daring greatly

In today’s world full of social media, it’s easy to think everyone has a picture-perfect life. Every day, we are inundated with pictures and videos of everyone else’s BFF (Best Friend Forever), friends, families, vacations, dogs & cats, babies, and of course selfies.  Everyone (and everything) seems to be smiling and laughing.  But what if you don’t feel like smiling and laughing?  What if you don’t feel like getting out of bed? What if nothing brings you joy anymore?  Looking at and hearing about everyone else’s picture-perfect life can make you feel even worse.  It can make you feel like your life doesn’t measure up, regardless of all the things you have to be thankful for.   

Sometimes, your brain tells you lies...and it’s hard to function.  I know…I’ve been there…recently.


In July, John and I said goodbye to our dog Bodie. It was the most heartbreaking experience I've ever had and left holes in both our hearts.  Bodie was 16 years old and for 15 of those years, he was a core part of our family, our constant companion, and gave us unconditional love daily.  John called him ‘Bodie the Wonder Dog’ because he surpassed the life expectancy for dogs his size by 2-4 years.  And in dog years, that's a lot.

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We are thankful for every moment we had with Bodie, but losing him sent me into a grief I hadn’t experienced before and didn't expect. Then, it began to turn into darkness and depression.

Why am I telling you this? Not so you feel sorry for me, but so that you know that there are people out there…close to you…on social media, sending emails, sending texts, even seeing and talking to you...that aren’t as OK and happy as all of this portrays.  I’m telling you this because I want you to know that if you feel this way, you are not alone.  I’m telling you this so maybe, you will be more aware of a friend or family member you haven’t heard from (on social media or otherwise), or that is suddenly reclusive and disconnected.  I'm telling you this so that even if your friend is putting on a good face, maybe she is struggling.  And maybe he needs someone to reach out to him.   I’m telling you this so maybe, you will reach out to them.  And if you are the one feeling the darkness of depression, maybe you will reach out.

During my own struggles these past 2 months, I've reached out to family, friends (old and new), and a therapist to help me.  And my friends and family have reached out to me.  From the bottom of my heart, thank you all who heard me or just knew I needed you.  These connections have made all the difference.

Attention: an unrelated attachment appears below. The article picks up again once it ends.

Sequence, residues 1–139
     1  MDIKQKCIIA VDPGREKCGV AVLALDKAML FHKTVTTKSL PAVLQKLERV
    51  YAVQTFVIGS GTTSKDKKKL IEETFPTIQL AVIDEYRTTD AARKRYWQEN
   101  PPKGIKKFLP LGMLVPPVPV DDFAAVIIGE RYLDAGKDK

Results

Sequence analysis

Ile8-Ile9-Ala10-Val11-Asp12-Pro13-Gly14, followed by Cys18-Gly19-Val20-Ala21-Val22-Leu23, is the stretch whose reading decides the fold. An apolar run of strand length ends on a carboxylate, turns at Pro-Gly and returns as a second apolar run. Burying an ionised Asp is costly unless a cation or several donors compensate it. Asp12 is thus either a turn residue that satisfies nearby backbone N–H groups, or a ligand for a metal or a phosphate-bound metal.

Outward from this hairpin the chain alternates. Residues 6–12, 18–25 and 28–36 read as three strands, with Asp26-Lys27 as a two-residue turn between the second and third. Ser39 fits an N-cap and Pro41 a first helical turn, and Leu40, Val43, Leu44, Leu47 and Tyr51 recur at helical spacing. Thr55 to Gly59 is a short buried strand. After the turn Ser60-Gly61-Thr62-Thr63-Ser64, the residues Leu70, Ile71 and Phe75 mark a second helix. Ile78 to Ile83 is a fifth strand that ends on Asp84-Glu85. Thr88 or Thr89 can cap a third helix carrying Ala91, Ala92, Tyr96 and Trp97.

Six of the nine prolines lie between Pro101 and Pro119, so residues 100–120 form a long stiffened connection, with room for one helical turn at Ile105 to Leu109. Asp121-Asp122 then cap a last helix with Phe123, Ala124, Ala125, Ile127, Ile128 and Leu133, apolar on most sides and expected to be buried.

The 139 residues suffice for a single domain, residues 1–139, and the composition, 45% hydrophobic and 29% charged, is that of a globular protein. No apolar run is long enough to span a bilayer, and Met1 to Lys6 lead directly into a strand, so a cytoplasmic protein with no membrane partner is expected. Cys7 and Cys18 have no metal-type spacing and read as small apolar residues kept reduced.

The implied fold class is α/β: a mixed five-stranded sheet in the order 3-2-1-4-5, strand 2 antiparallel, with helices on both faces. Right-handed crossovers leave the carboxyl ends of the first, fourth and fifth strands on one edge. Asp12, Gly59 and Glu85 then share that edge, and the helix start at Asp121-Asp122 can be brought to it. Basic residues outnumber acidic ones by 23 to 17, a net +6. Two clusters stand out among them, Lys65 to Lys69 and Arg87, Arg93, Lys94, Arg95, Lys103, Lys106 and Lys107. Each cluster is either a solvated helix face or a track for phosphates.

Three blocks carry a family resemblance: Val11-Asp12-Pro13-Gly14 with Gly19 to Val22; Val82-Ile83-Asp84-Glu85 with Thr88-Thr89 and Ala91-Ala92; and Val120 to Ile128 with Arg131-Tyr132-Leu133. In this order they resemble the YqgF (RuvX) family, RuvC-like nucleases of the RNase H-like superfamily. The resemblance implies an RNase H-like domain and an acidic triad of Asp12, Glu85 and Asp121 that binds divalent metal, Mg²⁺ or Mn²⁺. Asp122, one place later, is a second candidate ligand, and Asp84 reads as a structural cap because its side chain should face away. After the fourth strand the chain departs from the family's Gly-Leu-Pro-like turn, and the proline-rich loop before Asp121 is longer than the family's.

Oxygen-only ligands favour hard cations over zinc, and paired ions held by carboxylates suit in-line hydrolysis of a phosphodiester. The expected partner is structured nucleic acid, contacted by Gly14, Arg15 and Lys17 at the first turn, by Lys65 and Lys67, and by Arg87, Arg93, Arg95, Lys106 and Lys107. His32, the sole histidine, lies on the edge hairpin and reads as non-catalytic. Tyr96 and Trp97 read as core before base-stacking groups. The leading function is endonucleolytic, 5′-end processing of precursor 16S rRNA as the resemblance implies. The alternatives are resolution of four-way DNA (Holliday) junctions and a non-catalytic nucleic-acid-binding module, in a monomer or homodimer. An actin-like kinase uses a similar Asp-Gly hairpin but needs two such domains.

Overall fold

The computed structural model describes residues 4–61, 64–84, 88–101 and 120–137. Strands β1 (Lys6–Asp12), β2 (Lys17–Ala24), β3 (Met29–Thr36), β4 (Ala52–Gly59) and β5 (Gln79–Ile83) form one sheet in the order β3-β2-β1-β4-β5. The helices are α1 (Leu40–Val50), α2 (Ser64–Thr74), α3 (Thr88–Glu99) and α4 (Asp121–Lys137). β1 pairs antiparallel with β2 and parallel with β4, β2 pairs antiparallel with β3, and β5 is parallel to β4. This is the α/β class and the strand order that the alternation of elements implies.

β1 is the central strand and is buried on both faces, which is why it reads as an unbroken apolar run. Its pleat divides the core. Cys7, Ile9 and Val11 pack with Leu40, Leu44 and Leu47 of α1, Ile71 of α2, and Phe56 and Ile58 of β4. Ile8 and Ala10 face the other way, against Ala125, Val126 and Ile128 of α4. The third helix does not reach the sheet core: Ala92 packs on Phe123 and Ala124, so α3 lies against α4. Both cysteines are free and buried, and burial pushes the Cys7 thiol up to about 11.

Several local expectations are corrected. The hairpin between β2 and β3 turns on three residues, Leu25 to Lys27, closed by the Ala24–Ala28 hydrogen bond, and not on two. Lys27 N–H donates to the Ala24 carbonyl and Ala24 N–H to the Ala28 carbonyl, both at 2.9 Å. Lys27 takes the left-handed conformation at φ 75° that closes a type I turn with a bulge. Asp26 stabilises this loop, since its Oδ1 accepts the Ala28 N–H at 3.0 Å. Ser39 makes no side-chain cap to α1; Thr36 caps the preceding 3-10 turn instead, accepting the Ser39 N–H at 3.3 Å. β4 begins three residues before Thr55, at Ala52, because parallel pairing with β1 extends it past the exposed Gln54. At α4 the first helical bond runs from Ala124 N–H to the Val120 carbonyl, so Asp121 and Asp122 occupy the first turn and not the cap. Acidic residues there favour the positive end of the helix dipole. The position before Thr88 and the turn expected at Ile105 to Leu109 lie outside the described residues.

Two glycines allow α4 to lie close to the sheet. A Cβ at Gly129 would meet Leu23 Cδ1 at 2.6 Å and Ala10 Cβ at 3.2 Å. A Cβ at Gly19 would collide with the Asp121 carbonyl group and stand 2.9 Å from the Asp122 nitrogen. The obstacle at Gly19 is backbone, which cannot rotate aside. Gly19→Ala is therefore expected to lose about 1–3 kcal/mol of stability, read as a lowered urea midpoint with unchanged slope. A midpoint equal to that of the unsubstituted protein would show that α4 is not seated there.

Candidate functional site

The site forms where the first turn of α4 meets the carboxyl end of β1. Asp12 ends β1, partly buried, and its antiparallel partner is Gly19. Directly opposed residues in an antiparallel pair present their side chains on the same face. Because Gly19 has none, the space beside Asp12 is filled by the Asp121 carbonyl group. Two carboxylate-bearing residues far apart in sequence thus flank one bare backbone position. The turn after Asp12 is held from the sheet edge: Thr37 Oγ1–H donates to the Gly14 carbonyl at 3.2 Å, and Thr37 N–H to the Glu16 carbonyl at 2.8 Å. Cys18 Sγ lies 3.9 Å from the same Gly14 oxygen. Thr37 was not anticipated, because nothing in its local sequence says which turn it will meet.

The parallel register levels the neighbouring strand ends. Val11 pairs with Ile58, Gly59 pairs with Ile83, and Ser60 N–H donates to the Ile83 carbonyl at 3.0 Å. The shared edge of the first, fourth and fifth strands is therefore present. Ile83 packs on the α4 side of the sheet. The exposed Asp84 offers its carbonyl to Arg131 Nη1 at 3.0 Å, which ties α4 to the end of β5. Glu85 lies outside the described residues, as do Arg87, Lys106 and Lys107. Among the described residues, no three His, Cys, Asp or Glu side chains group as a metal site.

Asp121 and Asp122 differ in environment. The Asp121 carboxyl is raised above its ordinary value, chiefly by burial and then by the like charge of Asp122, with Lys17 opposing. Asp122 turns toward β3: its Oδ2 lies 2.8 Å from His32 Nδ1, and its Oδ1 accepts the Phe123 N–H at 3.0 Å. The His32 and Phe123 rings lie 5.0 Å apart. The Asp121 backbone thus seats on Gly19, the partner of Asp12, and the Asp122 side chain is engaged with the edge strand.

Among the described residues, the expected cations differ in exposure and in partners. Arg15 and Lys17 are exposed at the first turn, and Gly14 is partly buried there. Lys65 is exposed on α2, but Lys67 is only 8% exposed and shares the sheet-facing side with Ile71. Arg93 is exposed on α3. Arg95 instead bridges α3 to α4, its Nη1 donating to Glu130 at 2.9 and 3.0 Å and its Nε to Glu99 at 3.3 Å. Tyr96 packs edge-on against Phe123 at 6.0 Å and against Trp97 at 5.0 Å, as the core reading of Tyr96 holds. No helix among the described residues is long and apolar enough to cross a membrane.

Last year, I wrote and talked about my experience with depression quite a bit, and created my art series and book, when darkness comes, about exactly this.  I  was even featured in the National Alliance for Mental Illness Advocate magazine in a piece called Arfully Showing Life With Depression written by NAMI Oregon Outreach Manager Michelle Madison.


Because I have been so open, I’ve been asked many times if it was difficult for me to remember those feelings and talk about them.  Because I was not in an episode at that time, it wasn’t as painful.  Talking and creating art about my depression made me feel stronger, like somehow I could keep myself from going there again; or somehow if I did, I would be able to 'easily' pull myself out. 

But in the midst of these feelings, reaching out is not easy for for me.  I realize now that when that darkness is consuming me, reaching out and talking about it makes me feel vulnerable … and weak.  No matter what family, friends, or therapist say.

Then today, totally out of the blue, I read this quote, and it’s perfect.  Now, I just need to keep telling myself this…

Daring greatly means the courage to be vulnerable. It means to show up and be seen. To ask for what you need. To talk about how you’re feeling. To have the hard conversations.

Brene’ Brown

With this email, and every conversation I’ve had, I realize now that I have been daring greatly.  And if you are struggling, I hope you will too.  

So, what can you do?  What can we do?  Reach out to that friend you haven’t heard from, or haven’t connected with recently.   

Call her, send him a text or an email.  If they don’t respond, keep trying.  Reach out to your family member who has had a difficult change in her life, or that friend who has struggled with depression before...even if it seems like she is fine.  

Reach out to him and say “hi, I’m here and will listen," or "I'll just be with you”. 


Tell them “you will make it through this” or “we will make it through this”.  Reach out and connect with them. 

September is National Suicide Prevention Awareness Month


a semicolon is used when the author could have ended the sentence, but chose not to.
-- Project Semicolon


We've heard a lot about celebrity suicides in the news.  For every celebrity who commits suicide, there countless others, who are friends and family, who end their lives and  never make it to the news.  

Here are some resources for information, help if you need it, and ways you can help others and the cause...

National Suicide Prevention Lifeline    1-800-273-TALK (8255)
Crisis Text Line – text the word TALK to 741741

Suicide Prevention Lifeline:  www.SuicidePreventionLifeline.org
National Alliance on Mental Illness:  www.NAMI.org
American Foundation for Suicide Prevention:  www.AFSP.org
Project Semicolon:  www.ProjectSemicolon.com

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thank you

I know this blog is a bit personal, but this is a disease and issue that is very personal to me ...  and to many others.  I hope this email helps make a difference.  

thanks for listening,
and thanks for just being here.